The second half carried on as the first had ended. Another boogie influenced piece with lots of body movement and then an avant-garde classical improv with extended vocalese. This was followed by some more beautifully lyrical piano playing, that had the hall entranced. Then a version of Summertime, which recaptured the beauty of the tune (and even you would have loved, Lance). Another piece with a contemporary classical feel led into a really swinging groove.
At the end of the set there was wild applause and true to form KJ preceded his many encores with a set piece 'rage against the machine' (or electronic device, in this case). This had been a running theme throughout the evening, but you got the sense that although it still bugs him he is resigned to it being a feature of concerts wherever he goes. More in sorrow than in anger he railed against the few people taking photos in the audience saying 'How can using a little electronic device be more important that 64 years studying an instrument?' (Yes, he did start playing when he was three years old). However, I am with him on this and can't bear the ubiquity of mobile phones in all situations.
Then, rant over, he played numerous encores, each one followed by standing ovations and much bowing.  A wonderful Miss Otis Regrets, a riproaring blues and a glorious ballad.
A unique and fabulous concert and well worth a night in the most spartan hotel I have ever stayed in. I asked for an early morning call to be told there were no phones in the rooms, not only that but there was absolutely nothing in the bedroom apart from a bed and a tiny piece of soap. According to the Daily Mail most prisons have better facilities, and this was a national chain (with the letters T and L in its name).
JC
ps - BSH jokes that Keith Jarrett might have played at the Bridge, the Cherrytree or sundry other places in the North East instead of the RFH but something even more unlikely is a note on the Keith Jarrett unofficial web site (keithjarrett.org) that he might have played at the Fox Inn in Asbourne, Co. Meath in Ireland in 1971 for a week! I was still living in Dublin at that time and we would have been camping inside the pub all week if that was true.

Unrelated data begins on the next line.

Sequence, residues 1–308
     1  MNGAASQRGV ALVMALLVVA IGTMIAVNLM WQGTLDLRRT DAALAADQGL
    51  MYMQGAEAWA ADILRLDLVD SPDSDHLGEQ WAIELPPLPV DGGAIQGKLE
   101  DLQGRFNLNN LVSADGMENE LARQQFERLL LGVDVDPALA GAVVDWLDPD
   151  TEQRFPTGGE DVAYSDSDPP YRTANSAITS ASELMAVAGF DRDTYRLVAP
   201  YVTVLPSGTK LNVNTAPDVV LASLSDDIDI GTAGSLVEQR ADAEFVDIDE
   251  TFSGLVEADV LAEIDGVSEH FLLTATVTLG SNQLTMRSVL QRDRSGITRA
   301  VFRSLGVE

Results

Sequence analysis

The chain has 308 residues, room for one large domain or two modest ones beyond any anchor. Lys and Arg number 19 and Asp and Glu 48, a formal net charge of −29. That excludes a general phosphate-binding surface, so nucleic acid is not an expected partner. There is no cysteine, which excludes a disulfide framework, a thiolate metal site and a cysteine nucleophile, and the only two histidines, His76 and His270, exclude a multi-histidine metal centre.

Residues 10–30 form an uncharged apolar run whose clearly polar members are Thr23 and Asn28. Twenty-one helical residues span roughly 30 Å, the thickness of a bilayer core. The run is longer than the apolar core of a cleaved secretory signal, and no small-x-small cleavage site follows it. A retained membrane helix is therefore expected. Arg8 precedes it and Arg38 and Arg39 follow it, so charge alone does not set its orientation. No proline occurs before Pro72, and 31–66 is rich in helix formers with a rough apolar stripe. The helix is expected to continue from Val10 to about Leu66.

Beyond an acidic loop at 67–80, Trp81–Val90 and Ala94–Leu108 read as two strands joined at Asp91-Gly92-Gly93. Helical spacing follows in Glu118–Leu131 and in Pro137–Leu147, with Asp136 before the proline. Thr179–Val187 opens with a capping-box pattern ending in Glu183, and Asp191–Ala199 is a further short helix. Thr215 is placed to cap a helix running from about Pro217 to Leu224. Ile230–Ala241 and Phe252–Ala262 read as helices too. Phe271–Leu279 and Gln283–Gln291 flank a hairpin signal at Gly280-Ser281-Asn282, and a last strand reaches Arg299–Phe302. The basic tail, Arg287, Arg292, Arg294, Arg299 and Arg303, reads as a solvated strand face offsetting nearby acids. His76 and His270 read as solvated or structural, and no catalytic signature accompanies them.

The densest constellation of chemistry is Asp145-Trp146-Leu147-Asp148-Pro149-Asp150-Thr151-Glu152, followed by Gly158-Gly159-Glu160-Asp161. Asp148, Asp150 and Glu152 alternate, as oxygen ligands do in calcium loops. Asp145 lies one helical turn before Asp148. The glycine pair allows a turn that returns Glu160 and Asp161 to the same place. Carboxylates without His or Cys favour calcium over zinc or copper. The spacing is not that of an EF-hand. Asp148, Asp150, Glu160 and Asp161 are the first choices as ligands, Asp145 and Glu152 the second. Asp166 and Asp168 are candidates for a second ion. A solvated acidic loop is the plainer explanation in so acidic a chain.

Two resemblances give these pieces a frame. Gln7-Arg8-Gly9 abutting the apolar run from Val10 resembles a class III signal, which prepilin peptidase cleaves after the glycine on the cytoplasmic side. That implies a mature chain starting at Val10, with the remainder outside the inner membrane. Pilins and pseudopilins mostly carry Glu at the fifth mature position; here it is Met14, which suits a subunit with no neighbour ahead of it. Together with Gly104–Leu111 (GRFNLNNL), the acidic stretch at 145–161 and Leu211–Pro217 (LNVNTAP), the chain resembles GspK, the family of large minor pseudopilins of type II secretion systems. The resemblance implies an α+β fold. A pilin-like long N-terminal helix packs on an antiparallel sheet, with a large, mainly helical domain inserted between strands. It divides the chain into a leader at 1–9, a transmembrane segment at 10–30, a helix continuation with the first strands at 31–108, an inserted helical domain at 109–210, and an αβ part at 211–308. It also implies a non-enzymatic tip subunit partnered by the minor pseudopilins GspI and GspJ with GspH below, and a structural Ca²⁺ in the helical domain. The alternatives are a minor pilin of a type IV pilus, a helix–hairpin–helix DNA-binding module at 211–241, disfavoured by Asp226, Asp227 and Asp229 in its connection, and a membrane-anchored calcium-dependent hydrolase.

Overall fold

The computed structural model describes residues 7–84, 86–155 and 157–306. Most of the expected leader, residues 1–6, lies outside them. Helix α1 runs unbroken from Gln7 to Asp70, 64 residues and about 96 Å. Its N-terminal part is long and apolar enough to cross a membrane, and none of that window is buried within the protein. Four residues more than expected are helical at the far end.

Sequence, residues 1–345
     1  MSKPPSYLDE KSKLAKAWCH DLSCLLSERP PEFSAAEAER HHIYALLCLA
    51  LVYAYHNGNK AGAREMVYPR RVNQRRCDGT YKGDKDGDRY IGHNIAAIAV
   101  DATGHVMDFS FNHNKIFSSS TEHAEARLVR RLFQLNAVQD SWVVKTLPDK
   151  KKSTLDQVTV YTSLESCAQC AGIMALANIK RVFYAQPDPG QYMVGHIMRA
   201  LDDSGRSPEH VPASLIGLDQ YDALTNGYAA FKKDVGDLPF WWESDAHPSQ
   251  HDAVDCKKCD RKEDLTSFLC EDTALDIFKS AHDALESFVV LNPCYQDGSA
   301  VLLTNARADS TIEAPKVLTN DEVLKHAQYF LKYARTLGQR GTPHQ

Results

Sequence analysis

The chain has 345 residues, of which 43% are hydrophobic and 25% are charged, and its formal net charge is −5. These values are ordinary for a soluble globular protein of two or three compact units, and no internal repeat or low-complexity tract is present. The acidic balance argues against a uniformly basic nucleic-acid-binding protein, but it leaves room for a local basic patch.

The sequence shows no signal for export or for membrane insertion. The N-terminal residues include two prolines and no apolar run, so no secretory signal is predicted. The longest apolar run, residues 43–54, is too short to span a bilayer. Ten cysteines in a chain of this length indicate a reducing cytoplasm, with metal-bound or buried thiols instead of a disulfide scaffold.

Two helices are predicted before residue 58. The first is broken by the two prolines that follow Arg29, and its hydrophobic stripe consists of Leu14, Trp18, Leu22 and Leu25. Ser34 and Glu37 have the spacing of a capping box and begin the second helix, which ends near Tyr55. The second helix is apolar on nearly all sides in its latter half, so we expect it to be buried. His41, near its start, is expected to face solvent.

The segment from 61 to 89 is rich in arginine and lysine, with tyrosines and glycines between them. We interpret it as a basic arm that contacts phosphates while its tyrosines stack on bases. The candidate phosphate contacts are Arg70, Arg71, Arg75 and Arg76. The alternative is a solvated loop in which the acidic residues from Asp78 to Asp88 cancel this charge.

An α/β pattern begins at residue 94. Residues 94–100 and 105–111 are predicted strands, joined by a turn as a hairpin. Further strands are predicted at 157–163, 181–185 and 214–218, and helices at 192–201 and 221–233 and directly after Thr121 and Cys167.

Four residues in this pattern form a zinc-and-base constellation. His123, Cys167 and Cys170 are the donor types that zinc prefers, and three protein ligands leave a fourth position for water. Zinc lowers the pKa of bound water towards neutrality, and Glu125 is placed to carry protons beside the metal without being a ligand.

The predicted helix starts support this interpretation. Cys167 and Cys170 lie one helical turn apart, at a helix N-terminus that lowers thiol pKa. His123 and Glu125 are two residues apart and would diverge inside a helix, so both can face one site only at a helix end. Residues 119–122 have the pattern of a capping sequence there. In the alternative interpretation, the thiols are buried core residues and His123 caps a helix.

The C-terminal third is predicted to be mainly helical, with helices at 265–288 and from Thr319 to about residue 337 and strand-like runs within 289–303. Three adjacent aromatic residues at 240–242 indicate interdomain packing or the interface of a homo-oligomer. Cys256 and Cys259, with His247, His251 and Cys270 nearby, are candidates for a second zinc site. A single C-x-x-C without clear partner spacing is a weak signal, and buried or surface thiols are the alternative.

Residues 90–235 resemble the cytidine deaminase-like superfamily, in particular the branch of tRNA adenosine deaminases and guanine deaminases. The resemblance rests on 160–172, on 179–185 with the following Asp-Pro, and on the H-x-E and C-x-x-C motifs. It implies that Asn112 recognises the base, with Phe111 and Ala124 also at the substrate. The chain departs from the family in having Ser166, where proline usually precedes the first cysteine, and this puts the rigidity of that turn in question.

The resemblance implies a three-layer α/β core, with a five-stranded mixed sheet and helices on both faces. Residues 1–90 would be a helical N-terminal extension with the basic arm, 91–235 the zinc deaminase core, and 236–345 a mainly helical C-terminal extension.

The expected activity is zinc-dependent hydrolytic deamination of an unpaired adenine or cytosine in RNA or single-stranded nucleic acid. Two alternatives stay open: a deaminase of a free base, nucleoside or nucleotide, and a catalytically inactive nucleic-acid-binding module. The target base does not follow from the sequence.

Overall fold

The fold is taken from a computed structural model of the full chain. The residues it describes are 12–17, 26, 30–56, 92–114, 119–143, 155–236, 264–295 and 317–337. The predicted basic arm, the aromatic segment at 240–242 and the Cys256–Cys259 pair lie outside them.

3 comments :

  1. Does he still make awful noises that are a cross between farmyard animals and excited monkeys that totally detract from his playing?

    ReplyDelete
  2. I wouldn't say it detracts from his playing, actually it's inspiring how involved and dedicated to the music he is. KJ's music is not for the easily-distracted, so if some errant vocalising puts you off, you might prefer some pop music.

    ReplyDelete

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About this blog - contact details.

Bebop Spoken Here -- Here, being the north-east of England -- centred in the blues heartland of Newcastle and reaching down to the Tees Delta and looking upwards to the Land of the Kilt.
Not a very original title, I know; not even an accurate one as my taste, whilst centred around the music of Bird and Diz, extends in many directions and I listen to everything from King Oliver to Chick Corea and beyond. Not forgetting the Great American Songbook the contents of which has provided the inspiration for much great jazz and quality popular singing for round about a century.
The idea of this blog is for you to share your thoughts and pass on your comments on discs, gigs, jazz - music in general. If you've been to a gig/concert or heard a CD that knocked you sideways please share your views with us. Tell us about your favourites, your memories, your dislikes.
Lance (Who wishes it to be known that he is not responsible for postings other than his own and that he's not always responsible for them.)
PS:I don't care what your political views are - you can love or hate Cameron, Clegg, Milliband, Farage, Genghis Khan or Julius Caesar - just don't air them here!
Contact: lanceliddle@gmail.com I look forward to hearing from you.